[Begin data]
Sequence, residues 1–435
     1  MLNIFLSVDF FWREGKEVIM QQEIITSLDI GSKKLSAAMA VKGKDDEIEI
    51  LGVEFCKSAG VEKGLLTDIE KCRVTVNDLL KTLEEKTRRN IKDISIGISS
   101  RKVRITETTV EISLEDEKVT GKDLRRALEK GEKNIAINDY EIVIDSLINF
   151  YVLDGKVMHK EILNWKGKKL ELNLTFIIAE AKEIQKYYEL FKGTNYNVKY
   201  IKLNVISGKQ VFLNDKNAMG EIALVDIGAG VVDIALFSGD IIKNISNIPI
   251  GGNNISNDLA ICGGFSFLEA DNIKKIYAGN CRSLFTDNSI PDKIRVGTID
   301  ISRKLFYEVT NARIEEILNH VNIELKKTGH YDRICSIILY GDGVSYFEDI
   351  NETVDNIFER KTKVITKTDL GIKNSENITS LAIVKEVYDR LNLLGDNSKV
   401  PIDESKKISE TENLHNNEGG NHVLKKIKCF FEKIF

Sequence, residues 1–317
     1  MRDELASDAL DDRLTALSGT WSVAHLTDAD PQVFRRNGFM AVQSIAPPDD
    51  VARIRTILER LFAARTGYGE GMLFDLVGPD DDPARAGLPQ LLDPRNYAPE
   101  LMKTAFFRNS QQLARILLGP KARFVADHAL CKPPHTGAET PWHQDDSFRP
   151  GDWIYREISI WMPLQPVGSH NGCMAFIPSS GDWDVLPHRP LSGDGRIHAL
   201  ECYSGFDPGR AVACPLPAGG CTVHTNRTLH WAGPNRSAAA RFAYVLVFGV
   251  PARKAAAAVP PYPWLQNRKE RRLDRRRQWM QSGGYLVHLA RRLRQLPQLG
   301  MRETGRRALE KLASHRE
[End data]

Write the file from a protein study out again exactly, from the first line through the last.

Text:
Sequence, residues 1–435
     1  MLNIFLSVDF FWREGKEVIM QQEIITSLDI GSKKLSAAMA VKGKDDEIEI
    51  LGVEFCKSAG VEKGLLTDIE KCRVTVNDLL KTLEEKTRRN IKDISIGISS
   101  RKVRITETTV EISLEDEKVT GKDLRRALEK GEKNIAINDY EIVIDSLINF
   151  YVLDGKVMHK EILNWKGKKL ELNLTFIIAE AKEIQKYYEL FKGTNYNVKY
   201  IKLNVISGKQ VFLNDKNAMG EIALVDIGAG VVDIALFSGD IIKNISNIPI
   251  GGNNISNDLA ICGGFSFLEA DNIKKIYAGN CRSLFTDNSI PDKIRVGTID
   301  ISRKLFYEVT NARIEEILNH VNIELKKTGH YDRICSIILY GDGVSYFEDI
   351  NETVDNIFER KTKVITKTDL GIKNSENITS LAIVKEVYDR LNLLGDNSKV
   401  PIDESKKISE TENLHNNEGG NHVLKKIKCF FEKIF

Sequence, residues 1–317
     1  MRDELASDAL DDRLTALSGT WSVAHLTDAD PQVFRRNGFM AVQSIAPPDD
    51  VARIRTILER LFAARTGYGE GMLFDLVGPD DDPARAGLPQ LLDPRNYAPE
   101  LMKTAFFRNS QQLARILLGP KARFVADHAL CKPPHTGAET PWHQDDSFRP
   151  GDWIYREISI WMPLQPVGSH NGCMAFIPSS GDWDVLPHRP LSGDGRIHAL
   201  ECYSGFDPGR AVACPLPAGG CTVHTNRTLH WAGPNRSAAA RFAYVLVFGV
   251  PARKAAAAVP PYPWLQNRKE RRLDRRRQWM QSGGYLVHLA RRLRQLPQLG
   301  MRETGRRALE KLASHRE